18 July 2007

Kant and Monowittgensteinianism: A Junk Draft

I just finished Conant's "Moses and Monowittgensteinianism", which N. N. linked to a little while back. I'm just now at the "And suddenly our hero suspects there is something amiss with the colors red and green!" bit of P.M.S. Hacker's "Insight and Illusion", so it seemed apropos to try to write out some thoughts on the debate over the Tractatus (he said, as if there was a debate!).(1)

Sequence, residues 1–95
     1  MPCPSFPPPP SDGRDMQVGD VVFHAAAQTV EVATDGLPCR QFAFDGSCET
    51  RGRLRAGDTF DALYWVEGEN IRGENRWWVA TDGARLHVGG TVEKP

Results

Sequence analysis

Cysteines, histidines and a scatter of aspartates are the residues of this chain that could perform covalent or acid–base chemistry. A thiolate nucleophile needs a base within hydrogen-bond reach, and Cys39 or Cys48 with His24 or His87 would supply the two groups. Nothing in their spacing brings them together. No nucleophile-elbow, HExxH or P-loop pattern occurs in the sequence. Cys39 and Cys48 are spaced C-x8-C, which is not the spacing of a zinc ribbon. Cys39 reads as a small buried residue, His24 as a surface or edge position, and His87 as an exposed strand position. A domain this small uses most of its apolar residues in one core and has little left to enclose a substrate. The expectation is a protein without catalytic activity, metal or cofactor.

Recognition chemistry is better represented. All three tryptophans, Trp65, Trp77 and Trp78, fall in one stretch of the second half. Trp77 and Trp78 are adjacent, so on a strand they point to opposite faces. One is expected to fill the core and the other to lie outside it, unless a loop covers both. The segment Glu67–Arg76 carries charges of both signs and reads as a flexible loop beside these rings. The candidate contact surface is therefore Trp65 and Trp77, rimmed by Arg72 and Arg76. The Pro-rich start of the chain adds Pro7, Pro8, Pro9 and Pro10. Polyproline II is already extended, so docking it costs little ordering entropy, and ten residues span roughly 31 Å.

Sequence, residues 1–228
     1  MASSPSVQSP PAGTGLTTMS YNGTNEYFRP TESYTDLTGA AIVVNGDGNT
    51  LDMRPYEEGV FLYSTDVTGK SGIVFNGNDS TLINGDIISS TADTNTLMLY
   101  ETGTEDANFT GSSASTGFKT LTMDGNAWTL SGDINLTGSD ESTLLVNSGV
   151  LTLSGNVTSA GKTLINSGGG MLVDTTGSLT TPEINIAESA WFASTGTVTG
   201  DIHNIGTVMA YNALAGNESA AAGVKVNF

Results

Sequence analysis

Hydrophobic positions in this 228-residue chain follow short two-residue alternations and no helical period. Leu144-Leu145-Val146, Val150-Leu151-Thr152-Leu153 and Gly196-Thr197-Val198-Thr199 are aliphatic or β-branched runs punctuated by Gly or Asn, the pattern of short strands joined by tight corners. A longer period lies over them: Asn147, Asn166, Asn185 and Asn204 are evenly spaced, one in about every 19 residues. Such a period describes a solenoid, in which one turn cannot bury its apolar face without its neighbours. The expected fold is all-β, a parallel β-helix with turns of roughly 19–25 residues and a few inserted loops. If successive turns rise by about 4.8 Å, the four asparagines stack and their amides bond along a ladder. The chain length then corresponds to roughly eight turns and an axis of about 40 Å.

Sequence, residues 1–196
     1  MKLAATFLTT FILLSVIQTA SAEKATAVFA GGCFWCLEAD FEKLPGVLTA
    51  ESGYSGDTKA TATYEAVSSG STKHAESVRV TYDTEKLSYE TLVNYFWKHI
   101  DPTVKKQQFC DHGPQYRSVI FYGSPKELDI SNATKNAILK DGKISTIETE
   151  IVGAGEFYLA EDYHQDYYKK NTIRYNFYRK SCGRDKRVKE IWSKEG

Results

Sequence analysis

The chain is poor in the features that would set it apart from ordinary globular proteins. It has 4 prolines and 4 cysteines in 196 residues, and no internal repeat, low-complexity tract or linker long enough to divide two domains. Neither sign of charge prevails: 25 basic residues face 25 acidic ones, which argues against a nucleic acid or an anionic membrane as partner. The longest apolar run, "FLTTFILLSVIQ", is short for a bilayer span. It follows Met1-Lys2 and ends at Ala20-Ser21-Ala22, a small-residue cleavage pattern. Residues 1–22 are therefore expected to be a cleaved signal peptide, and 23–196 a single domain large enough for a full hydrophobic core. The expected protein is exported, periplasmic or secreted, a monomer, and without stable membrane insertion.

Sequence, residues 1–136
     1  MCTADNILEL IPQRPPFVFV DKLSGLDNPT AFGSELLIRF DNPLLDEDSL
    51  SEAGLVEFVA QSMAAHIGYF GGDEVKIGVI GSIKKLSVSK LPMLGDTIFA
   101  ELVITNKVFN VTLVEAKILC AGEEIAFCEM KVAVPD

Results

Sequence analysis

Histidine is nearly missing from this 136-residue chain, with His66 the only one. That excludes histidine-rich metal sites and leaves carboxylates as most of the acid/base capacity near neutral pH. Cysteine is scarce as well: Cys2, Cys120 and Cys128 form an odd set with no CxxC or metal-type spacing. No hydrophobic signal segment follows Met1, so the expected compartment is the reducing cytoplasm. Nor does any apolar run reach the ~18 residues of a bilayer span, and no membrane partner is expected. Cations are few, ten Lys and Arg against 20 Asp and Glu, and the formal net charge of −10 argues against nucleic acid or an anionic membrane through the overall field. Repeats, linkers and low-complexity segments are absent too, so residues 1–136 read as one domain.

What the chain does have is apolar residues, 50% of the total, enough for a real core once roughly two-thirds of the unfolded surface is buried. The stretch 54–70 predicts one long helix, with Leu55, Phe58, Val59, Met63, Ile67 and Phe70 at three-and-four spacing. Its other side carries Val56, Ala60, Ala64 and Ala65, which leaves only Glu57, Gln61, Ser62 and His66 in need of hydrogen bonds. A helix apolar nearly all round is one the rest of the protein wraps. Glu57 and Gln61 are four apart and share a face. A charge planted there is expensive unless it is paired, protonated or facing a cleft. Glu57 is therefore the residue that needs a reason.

The debate between readings like Conants ("resolute" readers, AKA "The New Wittgensteinians") and more standard readings (of which Hacker's is certainly one of the better ones I've read, but also including folk like Anscombe and Hintikka) is over whether the Tractatus is supposed to be conveying "ineffable truths" (at least over things like reference, the logical form of our sentences, solipsism, idealism, the world-whole, the soul; possibly also ethics, aesthetics, religion, God, eternity, the afterlife etc., but I've not seen a standard reader try very hard to "eff" the ineffable truths in the later case, with the exception of Hintikka's hilariously implausible reading of Wittgenstein's ethical views as taken up wholesale from Moore), of if when Early Wittgenstein says that anyone who understands him sees the "propositions" of the Tractatus as nonsense, he means nonsense akin to "Iffly borgle prolf purple monkey dishwasher."